Easily the best known American fighter of the War, the Mustang was a capable, long-range escort fighter. And the “D” model is the best known variant of this well known aircraft.
Let’s look at a colorful example from the 8th Air Force.
The Mustang is one of those designs where they got just about everything right. Even the earliest versions were capable aircraft, their main shortcoming being an Alison engine that was lacking in performance at higher altitudes. The famous British Merlin engine was just entering production in the US via the Packard Company, so it seemed an obvious fit to mount that outstanding engine on an already promising airframe. And the Mustang’s greatest shortcoming was quickly solved…
Mustangs gained their greatest fame escorting the heavy bombers of the Eighth Air Force deep into Germany. Late in the war, that Air Force had grown to enormous size, and could routinely put up over a thousand bombers protected by over a thousand fighters.
“The Millie G” was flown by Maj. Ed Giller of the 55th Fighter Group. The green and yellow checkers on the nose; and the olive drab rear fuselage are typical group markings for late 1944. The Olive Drab was discontinued in 1945. The yellow rudder and red line separating the bare metal from the OD green on the fuselage were used by the 343 Fighter Squadron. The real “Millie G” was Maj. Giller’s wife.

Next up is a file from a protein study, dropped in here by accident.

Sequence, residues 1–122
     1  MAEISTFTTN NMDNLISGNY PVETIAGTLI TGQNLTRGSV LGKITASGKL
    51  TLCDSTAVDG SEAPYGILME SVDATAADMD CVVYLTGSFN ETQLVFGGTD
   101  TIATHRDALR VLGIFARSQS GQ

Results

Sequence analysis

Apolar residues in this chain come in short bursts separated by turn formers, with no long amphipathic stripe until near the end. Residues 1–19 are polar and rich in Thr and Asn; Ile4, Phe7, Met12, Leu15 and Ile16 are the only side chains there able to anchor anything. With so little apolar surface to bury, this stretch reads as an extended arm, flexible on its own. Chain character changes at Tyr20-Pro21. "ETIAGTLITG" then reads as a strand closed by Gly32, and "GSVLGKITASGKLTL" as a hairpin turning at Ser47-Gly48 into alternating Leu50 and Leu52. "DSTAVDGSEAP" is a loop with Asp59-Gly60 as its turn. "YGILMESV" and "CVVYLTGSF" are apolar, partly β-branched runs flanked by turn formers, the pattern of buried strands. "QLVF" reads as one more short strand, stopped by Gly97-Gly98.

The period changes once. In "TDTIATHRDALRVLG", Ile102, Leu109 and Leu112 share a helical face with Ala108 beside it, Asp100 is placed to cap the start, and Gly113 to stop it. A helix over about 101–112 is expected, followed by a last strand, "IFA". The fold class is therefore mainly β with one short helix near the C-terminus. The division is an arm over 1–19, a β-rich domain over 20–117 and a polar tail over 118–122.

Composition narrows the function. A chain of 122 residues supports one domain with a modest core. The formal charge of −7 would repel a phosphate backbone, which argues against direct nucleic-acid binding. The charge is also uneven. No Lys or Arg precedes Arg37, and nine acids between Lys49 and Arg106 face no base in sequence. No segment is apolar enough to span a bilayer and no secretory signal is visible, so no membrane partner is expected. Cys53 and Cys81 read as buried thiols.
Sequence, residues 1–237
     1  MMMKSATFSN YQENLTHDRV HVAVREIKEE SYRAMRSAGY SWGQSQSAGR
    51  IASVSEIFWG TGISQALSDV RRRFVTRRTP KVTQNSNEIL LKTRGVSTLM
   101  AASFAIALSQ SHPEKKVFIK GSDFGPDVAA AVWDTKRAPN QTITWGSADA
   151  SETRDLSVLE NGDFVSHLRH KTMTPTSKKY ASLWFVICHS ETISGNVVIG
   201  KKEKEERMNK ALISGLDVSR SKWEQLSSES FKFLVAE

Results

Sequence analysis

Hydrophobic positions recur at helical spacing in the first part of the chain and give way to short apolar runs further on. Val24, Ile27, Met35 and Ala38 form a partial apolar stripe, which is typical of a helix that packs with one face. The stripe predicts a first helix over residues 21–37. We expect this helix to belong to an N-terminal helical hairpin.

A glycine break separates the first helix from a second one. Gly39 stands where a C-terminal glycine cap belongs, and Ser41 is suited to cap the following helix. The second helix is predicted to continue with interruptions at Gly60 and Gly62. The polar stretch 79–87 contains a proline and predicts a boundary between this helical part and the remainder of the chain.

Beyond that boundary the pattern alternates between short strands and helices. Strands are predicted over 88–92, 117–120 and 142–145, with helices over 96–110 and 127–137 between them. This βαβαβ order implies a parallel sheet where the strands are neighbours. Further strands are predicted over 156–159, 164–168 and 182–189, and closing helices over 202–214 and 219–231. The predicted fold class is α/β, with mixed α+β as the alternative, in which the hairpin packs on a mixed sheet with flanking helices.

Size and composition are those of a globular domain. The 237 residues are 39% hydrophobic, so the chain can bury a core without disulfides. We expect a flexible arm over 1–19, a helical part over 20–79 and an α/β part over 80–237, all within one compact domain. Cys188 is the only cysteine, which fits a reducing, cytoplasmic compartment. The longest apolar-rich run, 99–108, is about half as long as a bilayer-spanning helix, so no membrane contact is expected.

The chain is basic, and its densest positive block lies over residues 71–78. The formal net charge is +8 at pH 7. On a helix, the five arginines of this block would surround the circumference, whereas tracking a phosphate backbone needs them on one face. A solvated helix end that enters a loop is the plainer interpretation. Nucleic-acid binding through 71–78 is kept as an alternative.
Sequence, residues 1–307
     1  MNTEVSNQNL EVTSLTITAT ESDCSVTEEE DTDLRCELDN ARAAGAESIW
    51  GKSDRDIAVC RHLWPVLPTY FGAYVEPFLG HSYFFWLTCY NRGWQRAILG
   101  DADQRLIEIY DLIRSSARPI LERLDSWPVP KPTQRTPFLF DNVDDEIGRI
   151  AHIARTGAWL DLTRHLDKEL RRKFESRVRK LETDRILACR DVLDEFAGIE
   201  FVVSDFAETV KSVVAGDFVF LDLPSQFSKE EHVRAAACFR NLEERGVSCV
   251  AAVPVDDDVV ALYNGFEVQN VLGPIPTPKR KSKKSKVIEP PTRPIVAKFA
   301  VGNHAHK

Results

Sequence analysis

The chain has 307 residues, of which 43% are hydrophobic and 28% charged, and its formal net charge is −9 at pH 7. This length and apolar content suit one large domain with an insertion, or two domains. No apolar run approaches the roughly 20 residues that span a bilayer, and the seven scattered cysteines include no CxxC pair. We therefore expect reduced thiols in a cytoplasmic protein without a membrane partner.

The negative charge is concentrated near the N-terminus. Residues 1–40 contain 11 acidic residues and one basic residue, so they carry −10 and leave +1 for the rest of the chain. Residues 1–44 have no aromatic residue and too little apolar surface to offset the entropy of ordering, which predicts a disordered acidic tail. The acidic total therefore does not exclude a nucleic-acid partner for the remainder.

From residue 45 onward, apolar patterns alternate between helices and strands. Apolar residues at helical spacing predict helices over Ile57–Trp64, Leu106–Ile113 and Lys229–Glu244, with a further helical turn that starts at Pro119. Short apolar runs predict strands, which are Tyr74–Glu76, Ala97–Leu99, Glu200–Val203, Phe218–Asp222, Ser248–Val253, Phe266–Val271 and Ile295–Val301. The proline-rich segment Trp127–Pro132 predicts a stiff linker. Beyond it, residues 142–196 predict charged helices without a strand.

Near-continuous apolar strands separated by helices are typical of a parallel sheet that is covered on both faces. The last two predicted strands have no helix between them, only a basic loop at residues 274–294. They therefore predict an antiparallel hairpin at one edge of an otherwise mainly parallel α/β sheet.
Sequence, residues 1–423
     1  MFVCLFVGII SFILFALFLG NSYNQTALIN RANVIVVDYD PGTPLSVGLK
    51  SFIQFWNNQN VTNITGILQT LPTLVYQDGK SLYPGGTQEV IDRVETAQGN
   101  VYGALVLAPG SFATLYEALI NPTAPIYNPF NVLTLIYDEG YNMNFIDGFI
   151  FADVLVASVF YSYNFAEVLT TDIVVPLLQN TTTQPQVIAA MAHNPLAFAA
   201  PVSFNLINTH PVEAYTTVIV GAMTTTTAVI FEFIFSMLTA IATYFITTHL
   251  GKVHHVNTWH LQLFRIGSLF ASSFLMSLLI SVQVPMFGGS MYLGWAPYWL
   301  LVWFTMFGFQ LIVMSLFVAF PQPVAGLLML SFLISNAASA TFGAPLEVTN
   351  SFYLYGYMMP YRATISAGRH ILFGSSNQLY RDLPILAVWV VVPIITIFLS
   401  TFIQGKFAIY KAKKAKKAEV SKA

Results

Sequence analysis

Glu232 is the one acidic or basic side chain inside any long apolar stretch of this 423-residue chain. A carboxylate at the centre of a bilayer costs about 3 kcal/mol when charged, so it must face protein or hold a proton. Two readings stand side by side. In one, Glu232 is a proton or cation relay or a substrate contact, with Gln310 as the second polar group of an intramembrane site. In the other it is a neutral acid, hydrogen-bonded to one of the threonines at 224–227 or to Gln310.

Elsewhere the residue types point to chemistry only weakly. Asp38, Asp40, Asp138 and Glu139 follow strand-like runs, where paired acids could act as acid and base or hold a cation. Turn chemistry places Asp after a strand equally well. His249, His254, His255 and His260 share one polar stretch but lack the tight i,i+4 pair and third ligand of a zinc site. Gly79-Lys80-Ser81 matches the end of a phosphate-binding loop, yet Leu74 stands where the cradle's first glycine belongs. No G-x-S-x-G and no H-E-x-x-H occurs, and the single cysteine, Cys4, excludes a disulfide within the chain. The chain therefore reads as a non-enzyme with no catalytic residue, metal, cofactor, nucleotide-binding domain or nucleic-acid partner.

This is the Tamiya kit.
Great plane very maneuverable ,
Yeah I think it was Bud Anderson (357th Fighter Group) who made the comment “everything the Spitfire can do for 45 minutes the Mustang can do for eight hours”. Some exaggeration there (the Mustang couldn’t really operate at full performance for that long!), but it sort of highlights the main point!
This came up in your banner and I realized I did a 1/35th scale build of the exact same plane.
Cool! I love these markings, very sharp looking. Of course it’s tough to make a Mustang look bad.
True, the Mustang is pretty awesome looking.
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Sorry for liking your posts so much Dave.
I’m flattered! That’s awesome.